On a late winter afternoon after visiting Toji Temple, I came out of the main gate and headed to the bus stop. While waiting for the bus, I turned around to face the complex and saw the pagoda towering over the external clay walls. The structure, which is the highest five-story wooden pagoda in Japan, exerts a dominating presence, especially when seen over the walls. Within the temple, the appearance of the buildings and the images housed in the main hall gives a strong feeling of presence, quite unlike any other temple in Kyoto. Now, let’s go and see them.
Usually, visitors enter this complex from the south gate. Incidentally, in most temples the main gate is located on the south side. In the precinct, there are other buildings besides the large pagoda. A cloudless blue winter sky is cut along the curving outlines of the roofs, and their structures are sandwiched between the clear sky and the gravel on the ground, both of which enhance their presence.
Seen from the outside, the buildings appear to consist mainly of gray and silver tile roofs. As the buildings are wider, their massive roofs make their presence strongly felt. Roofs are used and designed to prevent rain and wind, but those of Japanese temples have something more than this inherent function. They have the refined beauty of curved roof lines, which is without doubt one of the main aesthetic appeals of old Japanese architecture. Carpenters have developed their skills and a range of technologies simply in pursuit of this kind of beauty. Roofs are therefore a very important factor both functionally and aesthetically.
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Looking up to the eaves from below, you can see how weight is conveyed from the roof to the columns. Rafters, arranged at a certain distance under the roof, bear the weight of the roof, and the weight is in turn transmitted onto brackets via purlins (a kind of beam under the rafters), and finally into columns via brackets. Tile roofs, rafters, purlins, brackets and columns are integrated organically and naturally. A clear sky in winter definitely offers the best enjoyment of the delicate, elegant outlines of the architecture as well as the integrated combination of structures.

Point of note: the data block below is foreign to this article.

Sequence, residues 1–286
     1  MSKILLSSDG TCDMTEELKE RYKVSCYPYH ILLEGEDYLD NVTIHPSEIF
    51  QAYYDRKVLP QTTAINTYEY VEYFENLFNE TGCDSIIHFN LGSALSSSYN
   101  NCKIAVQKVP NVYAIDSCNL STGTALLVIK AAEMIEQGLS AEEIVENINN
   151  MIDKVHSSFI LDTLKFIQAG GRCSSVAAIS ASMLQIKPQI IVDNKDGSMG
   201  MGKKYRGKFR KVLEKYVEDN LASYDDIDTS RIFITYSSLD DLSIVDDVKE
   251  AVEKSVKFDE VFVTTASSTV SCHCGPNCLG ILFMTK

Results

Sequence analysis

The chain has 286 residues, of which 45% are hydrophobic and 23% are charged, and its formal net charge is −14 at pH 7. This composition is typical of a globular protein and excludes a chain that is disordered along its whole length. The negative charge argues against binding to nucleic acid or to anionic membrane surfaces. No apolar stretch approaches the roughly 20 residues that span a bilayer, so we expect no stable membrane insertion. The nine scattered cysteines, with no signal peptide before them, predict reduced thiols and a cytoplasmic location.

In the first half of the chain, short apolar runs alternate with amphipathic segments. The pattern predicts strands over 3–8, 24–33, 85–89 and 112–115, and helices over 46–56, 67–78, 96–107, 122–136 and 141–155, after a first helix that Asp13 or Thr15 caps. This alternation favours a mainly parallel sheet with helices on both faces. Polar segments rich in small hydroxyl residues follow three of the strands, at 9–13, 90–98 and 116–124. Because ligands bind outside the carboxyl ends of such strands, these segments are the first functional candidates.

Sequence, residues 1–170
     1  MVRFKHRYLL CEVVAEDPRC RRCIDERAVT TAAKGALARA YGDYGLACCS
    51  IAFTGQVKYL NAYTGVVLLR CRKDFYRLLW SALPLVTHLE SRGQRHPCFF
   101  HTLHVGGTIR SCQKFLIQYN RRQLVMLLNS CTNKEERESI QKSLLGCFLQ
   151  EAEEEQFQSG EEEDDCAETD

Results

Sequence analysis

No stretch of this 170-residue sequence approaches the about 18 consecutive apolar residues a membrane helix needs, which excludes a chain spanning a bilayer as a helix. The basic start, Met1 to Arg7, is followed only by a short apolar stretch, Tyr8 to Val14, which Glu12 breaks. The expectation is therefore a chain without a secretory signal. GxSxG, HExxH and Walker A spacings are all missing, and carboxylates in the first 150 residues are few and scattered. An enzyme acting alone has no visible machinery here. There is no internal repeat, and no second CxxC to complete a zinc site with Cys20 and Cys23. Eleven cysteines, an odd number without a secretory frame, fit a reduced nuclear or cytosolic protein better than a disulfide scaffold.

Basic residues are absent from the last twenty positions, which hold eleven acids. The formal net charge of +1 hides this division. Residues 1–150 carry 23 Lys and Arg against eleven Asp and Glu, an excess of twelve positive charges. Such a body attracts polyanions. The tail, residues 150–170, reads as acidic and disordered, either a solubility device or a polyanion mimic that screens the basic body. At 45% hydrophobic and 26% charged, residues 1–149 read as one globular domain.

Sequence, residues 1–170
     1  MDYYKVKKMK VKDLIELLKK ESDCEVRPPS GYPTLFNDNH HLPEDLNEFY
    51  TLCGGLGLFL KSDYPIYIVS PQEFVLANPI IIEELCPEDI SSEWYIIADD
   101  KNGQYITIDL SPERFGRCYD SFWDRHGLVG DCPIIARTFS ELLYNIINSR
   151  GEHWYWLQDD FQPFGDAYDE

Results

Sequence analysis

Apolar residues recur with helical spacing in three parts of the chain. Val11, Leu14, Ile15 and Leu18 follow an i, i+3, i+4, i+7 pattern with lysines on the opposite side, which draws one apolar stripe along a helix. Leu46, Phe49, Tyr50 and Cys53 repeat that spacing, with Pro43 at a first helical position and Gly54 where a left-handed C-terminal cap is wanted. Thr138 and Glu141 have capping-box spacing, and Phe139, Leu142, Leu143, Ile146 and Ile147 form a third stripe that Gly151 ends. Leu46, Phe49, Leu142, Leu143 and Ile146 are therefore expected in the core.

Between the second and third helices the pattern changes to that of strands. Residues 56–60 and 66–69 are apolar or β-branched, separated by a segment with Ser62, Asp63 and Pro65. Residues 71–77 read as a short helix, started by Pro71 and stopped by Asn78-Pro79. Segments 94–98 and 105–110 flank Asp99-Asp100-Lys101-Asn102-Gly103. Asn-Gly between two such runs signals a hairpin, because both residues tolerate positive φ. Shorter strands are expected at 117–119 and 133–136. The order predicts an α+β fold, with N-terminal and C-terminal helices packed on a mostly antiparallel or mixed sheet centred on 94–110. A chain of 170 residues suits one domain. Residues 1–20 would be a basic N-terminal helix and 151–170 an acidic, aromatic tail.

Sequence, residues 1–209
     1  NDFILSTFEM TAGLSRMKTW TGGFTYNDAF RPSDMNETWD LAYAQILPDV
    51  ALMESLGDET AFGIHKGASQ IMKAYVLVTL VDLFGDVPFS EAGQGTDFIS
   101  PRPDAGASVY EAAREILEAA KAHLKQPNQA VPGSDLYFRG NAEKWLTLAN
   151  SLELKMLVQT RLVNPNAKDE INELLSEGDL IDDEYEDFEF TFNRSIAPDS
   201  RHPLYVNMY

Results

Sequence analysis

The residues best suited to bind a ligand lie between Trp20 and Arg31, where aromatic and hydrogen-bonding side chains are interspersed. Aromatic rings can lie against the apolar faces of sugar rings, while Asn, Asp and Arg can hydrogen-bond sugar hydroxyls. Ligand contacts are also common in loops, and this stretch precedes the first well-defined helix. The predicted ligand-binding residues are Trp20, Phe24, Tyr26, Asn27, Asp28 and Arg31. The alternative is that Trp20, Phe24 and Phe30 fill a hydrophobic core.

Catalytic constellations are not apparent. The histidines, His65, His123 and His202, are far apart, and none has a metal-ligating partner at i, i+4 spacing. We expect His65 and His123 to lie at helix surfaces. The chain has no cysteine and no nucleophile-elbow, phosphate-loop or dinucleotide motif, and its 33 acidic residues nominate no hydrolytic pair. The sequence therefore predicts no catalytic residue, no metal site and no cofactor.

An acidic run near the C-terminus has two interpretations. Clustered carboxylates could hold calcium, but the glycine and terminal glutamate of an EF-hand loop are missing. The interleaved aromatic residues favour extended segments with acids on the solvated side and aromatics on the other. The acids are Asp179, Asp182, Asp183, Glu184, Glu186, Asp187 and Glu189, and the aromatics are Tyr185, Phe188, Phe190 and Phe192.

In a large auditorium known as the Koudou, twenty-one statues are stored. For images of Buddha, this building is one of the most important houses in the whole of Japan. The images are vivid and full of energy, and have an outstanding feel even as works of art. Walking around in the auditorium, you can see various images with many different kinds of face. Some faces are quite modest, while others look rather angry. The images with modest faces are gods that save people; the angry ones are those angry with people who have committed crimes, and are for correcting their ways.
Most of the images were made when the temple was built more than 1,200 years ago, and are exactly the same as when they were made. Every statue is excellent and impressive, but instead of harmony between them, each creates a dominating presence. They are exactly like the football players of Real Madrid in Spain at their best.
In this complex, each presence surpasses harmony: the presence of the tower over the outer wall, that of the buildings in the site, and that of the statues in the auditorium. They have a sense of presence (a feature of temples in Nara, which is an older city than Kyoto) rather than harmony, which is one of Kyoto’s aesthetic features. This complex is one of the oldest in Kyoto, and was built 1,200 years ago in the days of ancient Japan, mainly for the purpose of protecting Kyoto city. The buildings have, however, been reconstructed since that time. Some temples in Kyoto were rebuilt 600 to 800 years ago at most, while others were rebuilt less than 400 years ago. The presence of this complex represents the essence of ancient times.